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Avatar universal

Coronary artery anomaly and frequent PVCs

Hi All,
I have a complicated cardiac history but here it is in a nutshell. I'm a 41 year old female ICU nurse, active all my life in competitive sports.
3/24/10-developed crushing chest pain, rushed to cath lab at work and found to have a single coronary artery with an anomalous right coronary artery originating off the left main and coursing between may aorta and pulmonary artery.
3/25/10-underwent a CABG x 1 (RIMA to RCA) to correct blood flow to RCA.

Relatively uncomplicated post-op recovery except underwent another cath 5 weeks postop for angina while exercising (showed normal coronaries and graft maturing nicely).

but continue to have angina monthly, usual around menstrual cycles (just before period starts and just before ovulation). Angina is relieved with SL NTG always.

Have passed 2 post-op stress echos, last in September 2010 and achieved 100% of predicted heart rate and 12.5 METS. Normal EF on echo with no wall motion abnormalities and slight LVH (hx of hypertension).

Have had PVCs prior to surgery and continue to have a large amount now, 13 months later. Underwent a Holter test revealing about 15,000 PVCs in 20 hours so about 20,000 in 24 hours. No VT, several couples, 1 salvo. My cardiologist at work says they originate in the RVOT.
My cardiologist through my insurance  says not to worry, shouldn't be a problem. When in trigeminy I do get tired, short of breath, and diaphoretic.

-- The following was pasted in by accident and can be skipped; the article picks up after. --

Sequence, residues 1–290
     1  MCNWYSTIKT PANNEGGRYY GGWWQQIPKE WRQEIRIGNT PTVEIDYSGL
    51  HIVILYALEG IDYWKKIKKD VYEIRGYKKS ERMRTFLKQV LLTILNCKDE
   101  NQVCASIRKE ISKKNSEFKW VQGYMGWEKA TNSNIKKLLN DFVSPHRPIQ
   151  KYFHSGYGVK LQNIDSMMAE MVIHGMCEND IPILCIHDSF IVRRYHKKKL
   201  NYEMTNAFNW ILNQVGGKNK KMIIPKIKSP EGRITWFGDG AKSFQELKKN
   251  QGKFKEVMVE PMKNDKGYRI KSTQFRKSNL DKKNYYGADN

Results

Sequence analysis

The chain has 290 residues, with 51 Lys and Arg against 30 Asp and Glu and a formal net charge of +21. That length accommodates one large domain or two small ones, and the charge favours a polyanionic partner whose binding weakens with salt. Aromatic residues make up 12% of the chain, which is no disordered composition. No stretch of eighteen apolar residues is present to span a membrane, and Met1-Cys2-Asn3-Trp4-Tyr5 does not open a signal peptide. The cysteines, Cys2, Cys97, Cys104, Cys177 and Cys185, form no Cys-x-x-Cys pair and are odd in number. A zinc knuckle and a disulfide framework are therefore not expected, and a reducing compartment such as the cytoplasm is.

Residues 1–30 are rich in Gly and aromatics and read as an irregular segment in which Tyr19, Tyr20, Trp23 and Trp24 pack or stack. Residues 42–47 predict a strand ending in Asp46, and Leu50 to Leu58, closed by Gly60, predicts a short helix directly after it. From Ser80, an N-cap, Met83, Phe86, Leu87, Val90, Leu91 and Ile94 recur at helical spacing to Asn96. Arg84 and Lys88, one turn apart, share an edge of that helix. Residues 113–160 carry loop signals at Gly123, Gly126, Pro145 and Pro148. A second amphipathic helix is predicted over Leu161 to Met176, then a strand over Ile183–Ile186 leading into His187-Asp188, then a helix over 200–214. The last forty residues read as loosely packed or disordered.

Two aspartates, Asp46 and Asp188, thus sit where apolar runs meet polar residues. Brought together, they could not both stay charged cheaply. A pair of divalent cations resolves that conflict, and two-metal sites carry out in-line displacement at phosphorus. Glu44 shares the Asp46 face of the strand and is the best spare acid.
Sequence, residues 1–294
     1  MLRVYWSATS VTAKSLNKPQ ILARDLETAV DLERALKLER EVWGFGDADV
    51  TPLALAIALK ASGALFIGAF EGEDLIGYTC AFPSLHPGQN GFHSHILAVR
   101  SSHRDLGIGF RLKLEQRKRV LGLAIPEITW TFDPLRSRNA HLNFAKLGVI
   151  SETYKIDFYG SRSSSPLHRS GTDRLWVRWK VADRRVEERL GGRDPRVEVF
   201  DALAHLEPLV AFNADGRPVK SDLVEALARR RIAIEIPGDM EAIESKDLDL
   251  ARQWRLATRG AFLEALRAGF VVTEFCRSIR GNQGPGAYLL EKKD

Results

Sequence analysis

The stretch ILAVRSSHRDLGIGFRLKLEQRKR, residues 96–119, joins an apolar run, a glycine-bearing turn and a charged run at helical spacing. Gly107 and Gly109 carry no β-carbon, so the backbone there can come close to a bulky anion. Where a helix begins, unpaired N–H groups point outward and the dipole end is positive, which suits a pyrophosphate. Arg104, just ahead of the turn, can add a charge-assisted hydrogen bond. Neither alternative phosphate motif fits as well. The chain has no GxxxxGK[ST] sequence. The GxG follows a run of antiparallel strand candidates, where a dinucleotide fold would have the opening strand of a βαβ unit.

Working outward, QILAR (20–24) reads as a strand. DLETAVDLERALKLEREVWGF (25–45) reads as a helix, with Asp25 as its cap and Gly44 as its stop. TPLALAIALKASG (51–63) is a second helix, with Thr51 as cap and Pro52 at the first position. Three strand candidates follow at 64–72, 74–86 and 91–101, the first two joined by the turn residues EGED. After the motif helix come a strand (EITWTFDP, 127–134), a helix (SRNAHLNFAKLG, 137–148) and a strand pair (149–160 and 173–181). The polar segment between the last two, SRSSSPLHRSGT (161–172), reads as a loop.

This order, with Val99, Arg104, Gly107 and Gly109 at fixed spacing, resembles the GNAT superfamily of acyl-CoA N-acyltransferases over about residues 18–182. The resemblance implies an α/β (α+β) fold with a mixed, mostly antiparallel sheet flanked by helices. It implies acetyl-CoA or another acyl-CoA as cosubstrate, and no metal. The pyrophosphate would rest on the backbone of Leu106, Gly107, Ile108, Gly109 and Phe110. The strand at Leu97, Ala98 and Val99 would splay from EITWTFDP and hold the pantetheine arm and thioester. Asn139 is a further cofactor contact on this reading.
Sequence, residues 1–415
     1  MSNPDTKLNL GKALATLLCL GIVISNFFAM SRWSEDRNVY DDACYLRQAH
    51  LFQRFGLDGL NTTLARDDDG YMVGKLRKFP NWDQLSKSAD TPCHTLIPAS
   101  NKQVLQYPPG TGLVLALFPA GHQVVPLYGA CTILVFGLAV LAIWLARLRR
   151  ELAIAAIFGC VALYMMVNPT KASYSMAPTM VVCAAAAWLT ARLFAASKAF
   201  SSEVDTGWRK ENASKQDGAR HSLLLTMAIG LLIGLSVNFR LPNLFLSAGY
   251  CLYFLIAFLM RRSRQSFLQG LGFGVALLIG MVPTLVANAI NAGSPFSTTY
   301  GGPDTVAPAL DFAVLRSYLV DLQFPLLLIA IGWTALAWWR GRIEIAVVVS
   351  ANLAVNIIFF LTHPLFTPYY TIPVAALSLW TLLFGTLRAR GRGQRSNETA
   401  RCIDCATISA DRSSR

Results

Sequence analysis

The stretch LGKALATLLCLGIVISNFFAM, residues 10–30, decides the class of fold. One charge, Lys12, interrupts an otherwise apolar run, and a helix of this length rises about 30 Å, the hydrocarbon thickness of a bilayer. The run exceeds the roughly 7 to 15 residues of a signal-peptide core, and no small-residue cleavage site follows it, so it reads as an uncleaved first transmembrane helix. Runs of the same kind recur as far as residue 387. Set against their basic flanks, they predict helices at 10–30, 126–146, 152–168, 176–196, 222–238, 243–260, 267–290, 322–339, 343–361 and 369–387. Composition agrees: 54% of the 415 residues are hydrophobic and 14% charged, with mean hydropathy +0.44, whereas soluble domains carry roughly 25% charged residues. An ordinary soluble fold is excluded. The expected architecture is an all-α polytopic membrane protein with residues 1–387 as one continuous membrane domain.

My question is, what further follow up tests do you recommend if any? At this time we are just planning on occasional 12 leads and an echo every 3 years. I do exercise 4 days a week vigorously.

Sorry for the long post! As my surgeon kindly said, "I'm a mutant"!
2 Responses
976897 tn?1379171202
Very interesting history. I think you may have diagnosed yourself though, it sounds like you have classic menstrual angina. This was uncovered by a team in St Thomas's Hospital, London and affects a lot of women who have heart disease. It is also common after bypass surgery. After testing women with this condition, they found most became angina stricken much quicker when in the menstrual cycle or soon after the cycle was complete.
The conclusion was to do with sex hormones. The hormones, oestrogen and progesterone are at their lowest levels when you experience angina and they are believed to act on blood vessels, keeping them more open for a higher blood flow. A bit like a mild GTN. About two weeks after your cycle the hormones will be at their highest peak, and you probably feel great.
This was researched in 2000, so perhaps your Cardiologist could look it up. I believe the lead researcher was Dr Guy Lloyd, so there are probably some papers to be read.
I hope you find this of use :) and you are certainly NOT a mutant :)
Avatar universal
Thank you for your quick response!
I should have mentioned that my angina is almost always at rest and usually during the mid-afternoon. There definitely seems to be a hormone component but also probably a vasospasm component. Every 12 lead I've had during it shows no ST changes but I do get increased ectopy during these episodes (one was so bad I actually went to the ER at work and while being transported via ambulance to another hospital I was noted to have short runs of VT (just 4-5 beats each).
My medication regimen includes: Metoprolol BID, Imdur, Simvastatin, ASA, Plavix, Vitamin D, Magnesium/Calcium, Multivitamin, and 1 gm L-arginine daily. I have noticed a drastic improvement in angina since starting the L-arginine 4 months ago (1 episode in 4 months versus the usually 4-6 episodes in that same time period).
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